Getting a request for a job interview can almost feel like an Oscar nomination. You’re happy to be nominated, especially knowing you beat out thousands of candidates who won’t even have a chance to get their foot (and brand) in the door. Your LinkedIn profile was attention-grabbing and your resume outshined the others that came out of the same factory. You are one of the chosen ones.
But then the dust settles. Your next thoughts are muddled with excitement, nervousness, fear, anxiety—or all of the above. You think to yourself: “Self, you really need to ace this job interview” (or however you talk to yourself). This is your chance to showcase your personal brand and get pass the gatekeepers to land your dream job. No need to worry though. These interview tips will get you prepared to put your best brand forward no matter the type of interview thrown your way.
The Video (Skype) Interview: You’re more than just your forehead
Clearly, Skype is no longer just for talking to your relatives across the country. More companies now conduct video interviews, since it’s cost-effective and provides scheduling flexibility. If you’re not familiar with Skype, or the video software used, you’ll first need to get acclimated before the interview. Find someone to do a dry run with you and make a checklist of important things to confirm and adjust before the interview. For example, check the sound quality (can they hear you?), lighting (can they see you?), and account settings (is everything correct?).
You should still dress professionally, even though you’re not interviewing in person—sorry no pajamas allowed, but maybe the fuzzy slippers can stay. Pick a quiet and clean area for the interview, preferably a room with a door. Even if you’re not a newbie, it’s still a good idea to brush up on tips for Skype interviews. It’s easy to forget about small details like confirming IDs, settings, or a point of contact for any issues. Since the interviewer can see you, it’s important to be mindful of your body language as well as your voice. Make sure that the camera placement shows a full view of your face (the interviewer would probably prefer that as opposed to just looking at your forehead). Keep a strong, but natural, eye contact. And lastly, don’t forget to smile for the camera.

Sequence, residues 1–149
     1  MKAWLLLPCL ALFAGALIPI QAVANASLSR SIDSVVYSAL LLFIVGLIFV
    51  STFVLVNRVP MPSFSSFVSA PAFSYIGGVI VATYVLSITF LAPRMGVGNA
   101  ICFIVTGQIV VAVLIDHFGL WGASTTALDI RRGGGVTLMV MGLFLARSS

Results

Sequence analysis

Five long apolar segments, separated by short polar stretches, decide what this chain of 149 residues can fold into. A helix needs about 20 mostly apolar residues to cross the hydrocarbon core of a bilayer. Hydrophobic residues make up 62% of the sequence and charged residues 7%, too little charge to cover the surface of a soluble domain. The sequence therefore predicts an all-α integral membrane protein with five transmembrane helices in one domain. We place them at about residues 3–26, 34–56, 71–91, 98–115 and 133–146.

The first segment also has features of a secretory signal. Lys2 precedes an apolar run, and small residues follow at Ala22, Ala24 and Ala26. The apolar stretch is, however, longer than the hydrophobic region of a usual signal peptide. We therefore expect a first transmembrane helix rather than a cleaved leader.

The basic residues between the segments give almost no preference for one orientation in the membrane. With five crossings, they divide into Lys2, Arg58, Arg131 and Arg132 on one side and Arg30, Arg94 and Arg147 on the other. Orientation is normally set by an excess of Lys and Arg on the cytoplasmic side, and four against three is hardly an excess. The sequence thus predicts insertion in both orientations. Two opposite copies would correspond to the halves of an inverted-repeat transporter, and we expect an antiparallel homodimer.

The Phone Interview: Hello, is it me you’re looking for?
A phone interview is like sampling a book and seeing if it’s worth your time to commit any further. Time is always of the essence, so a recruiter really needs to know up front if it’s even worth asking you for an in-person interview. This is where your elevator pitch comes in handy. Make sure you highlight any relevant experience early in the conversation. Don’t feel like you need to hold back the “good stuff.” You can always give more details when you get called for an in-person interview. During the phone interview, ask questions that will give you additional insight into who would be considered an ideal candidate (this will come in handy later). Also, don’t forget to relax and smile when you’re talking. Yes, a smile can be heard over the phone.
As you’re talking, be aware of any nervous speech habits you may have. For example, the overuse of words such as “um,” “ah,” “you know,” “like,” or anything else that doesn’t make you sound confident. Keep your resume in view or an index card with notes to highlight key talking points. Since the interviewer can’t see you, he or she will take cues about your personality from your voice. Show them that you’re confident in your personal brand and meeting you in person is clearly the next step.
The Panel Interview: No, this is not American Idol
What’s more challenging than meeting multiple interviewers back-to back? Meeting them all at the same time. There’s something about sitting across from a group of strangers with a copy of your resume (and resumes from other candidates) that can be slightly intimidating. Since many job roles involve interacting with a variety of groups, those people are often involved in the interviewing process. So the first step is to put aside the fact that you may have four people waiting for you to “sell yourself” within your allotted time slot, so that they can get to the next candidate and hopefully squeeze in a quick lunch at their desk before their next real meeting. The next step is to pinpoint who’s who and their needs. Do they all work in the same group? Are they looking for the same skills? Often panel members work in the same area, but may have different types of projects. It’s important to show that you would be a valuable asset to each and every one of them.
Ultimately, there is a main decision maker, but having all members vouch for you is ideal. With that said, divide your eye contact among the panel. Don’t just focus on the main interviewer. As you’re asked a question, think about the angle the person is coming from and what skills or stories you have that can address their needs. Believe it or not, some groups already understand the awkwardness of the situation and get it if you’re a little nervous. It’s even okay to acknowledge that as well (be it to yourself or to them as a way to break the ice). Whether you’re in front of one person, a computer, or a panel, the goal is still the same: put your best brand forward.
Latest posts by Marietta Gentles Crawford (see all)
- How to Fall Back Into Your Groove (And Survive the Rest of the Year) - October 17, 2017
- What I Learned About Slowing Down From a Taxi Driver - August 24, 2017
- There’s a Difference Between Self-Promotion and Selfishness - July 17, 2017